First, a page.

Wednesday, 18 May 2016

How To Drive A Manual Transmission/Stick Shift -1.

Have you ever wanted to learn at least the basics of how to drive a manual transmission?

Driving a vehicle with manual transmission, also known as a stick shift, can be seen as intimidating and stressful by many either young or old. Many drivers go through life without owning or even driving a manual transmission, but it is a good skill to have as these types of vehicles are popular and you never know when the situation where you have to drive one may present itself.

What is a manual transmission?

It is a transmission where the driver has to use a third pedal (the clutch) and manipulate a shift lever to put a car in gear.

Why Learn to Drive a Stick?

Someone who knows how to drive a manual transmission car can also easily drive an automatic, but the reverse isn’t true. Better to know it and not need it, than need it and not know it.

Manual transmission cars are generally less expensive than automatics. Because very few people today know how to drive a stick shift, the demand for them is low.

You would also love to know that manual transmissions get better gas mileage than automatic transmissions. If you have an interest in fuel economy, you want a car with a stick shift.

Did you know that if you have a dead battery, you can push start many cars equipped with a stick?

Cool cars, such as vintage cars or older sports cars and even today's high performance cars, often come with sticks! I mean, it makes no sense driving an high performance vehicle and all you do move and stop. It's no fun at all compared to an high performance car with a manual transmission.

However, this fun is considerably less if you drive in hilly or mountainous terrain often or commute in stop-and-go traffic. But when you master the skills of driving a stick, you will never switch back to an automatic.

Here’s our simple guide on how to drive manual transmission/stick shift.


First, you would want to get acquainted with the components of your dashboard down to the pedals and stick.

- The pedals: which includes the clutch, brake and gas/accelerator.

> The clutch pedal – which is absent on your automatic transmission car, is the pedal on the far left. You press the clutch pedal down completely before you shift gears up or down (Gear 1 to 5 or the reverse). The clutch disengages the spinning engine from the spinning wheels and allows you to switch gears without grinding the teeth of each separate gear.

> The brake is the pedal in the middle,  it’s used for slowing down or bringing the car to a full stop. 

> The pedal on the far right is the gas/accelerator, it is used for increasing your car speed. Works like the gas pedal on your automatic transmission.

> The gear/stick shifter: The gear shifter shifts the gears on your transmission, from one to five then reverse gear. Some older cars might come with four gears but most modern manual transmission vehicles come with five or six gears. On the knob of the gear shift you’ll find a diagram that shows each positions of the shifter in order to engage each gear.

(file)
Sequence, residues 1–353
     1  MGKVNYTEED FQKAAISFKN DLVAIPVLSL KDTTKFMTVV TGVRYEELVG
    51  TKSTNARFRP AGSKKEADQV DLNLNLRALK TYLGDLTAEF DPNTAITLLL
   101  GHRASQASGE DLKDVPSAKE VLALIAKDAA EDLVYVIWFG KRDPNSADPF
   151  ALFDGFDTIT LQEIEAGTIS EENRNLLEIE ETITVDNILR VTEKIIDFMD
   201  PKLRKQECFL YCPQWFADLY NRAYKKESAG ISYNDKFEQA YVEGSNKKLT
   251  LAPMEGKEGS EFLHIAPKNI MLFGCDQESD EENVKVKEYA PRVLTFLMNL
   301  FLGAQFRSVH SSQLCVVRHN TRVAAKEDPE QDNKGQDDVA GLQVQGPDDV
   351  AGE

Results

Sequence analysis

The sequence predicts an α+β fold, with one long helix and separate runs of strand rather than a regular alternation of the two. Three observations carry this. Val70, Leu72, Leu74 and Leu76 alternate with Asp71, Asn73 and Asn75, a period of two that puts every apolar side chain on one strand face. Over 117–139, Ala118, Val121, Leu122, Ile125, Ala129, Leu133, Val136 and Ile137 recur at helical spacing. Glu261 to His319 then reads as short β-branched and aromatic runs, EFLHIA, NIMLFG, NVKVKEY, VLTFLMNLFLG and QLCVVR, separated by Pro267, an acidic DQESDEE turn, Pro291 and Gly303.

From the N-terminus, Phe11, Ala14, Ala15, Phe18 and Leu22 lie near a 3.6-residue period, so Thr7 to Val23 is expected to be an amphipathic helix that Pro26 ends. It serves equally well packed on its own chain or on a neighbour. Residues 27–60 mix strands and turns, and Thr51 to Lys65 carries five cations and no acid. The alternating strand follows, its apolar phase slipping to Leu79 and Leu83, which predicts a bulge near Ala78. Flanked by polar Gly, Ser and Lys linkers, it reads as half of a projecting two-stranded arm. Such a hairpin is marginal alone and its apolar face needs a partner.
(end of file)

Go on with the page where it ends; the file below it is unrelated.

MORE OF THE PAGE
> The tachometer: On most manual cars, there is a gauge on the dashboard called the tachometer. Higher RPMs mean more power, but there's a limit to this rule. The red area of the gauge, called the "red line," signifies RPMs that are too high for your engine. Shifting gears allows you to keep the RPMs from reaching this level.

The tachometer shows you how many revolutions per minute you are going. As a beginner driving a stick, the tachometer is a good way to help you determine when you should shift your stick up or down.

Generally, you should shift gears up when the tachometer is around “3” or 3,000 RPMs; shift down when the tachometer is around “1” or 1,000 RPMs. After some time of driving a stick shift, you’ll be able to figure out when to shift by the way your engine sounds and feels.

If you are still having doubts then you should keep this at your finger tips.

i)  When in motion and you are not sure if to shift up or down, shift up. This way you will do less damage to your car if you shift to a higher gear than a lower one, since the engine won't be revving. But if it feels like the car is being held back even after properly releasing the clutch then  you should downshift ( Not releasing your leg for the clutch properly could cause your car to stall).

ii) If you find yourself moving up on an hilly road, make sure it's at a low gear (Gear 1 or 2, preferably gear 1 depending on how hilly the road is). The steeper the hill, or the heavier the load in your car, the longer you should stay in a low gear. This will keep you from revving your car's engine.

Well, let us leave you to get acquainted with your cockpit. We shall be back to see if you're ready for the next stage of stick driving. Please do leave your comments or reactions below.


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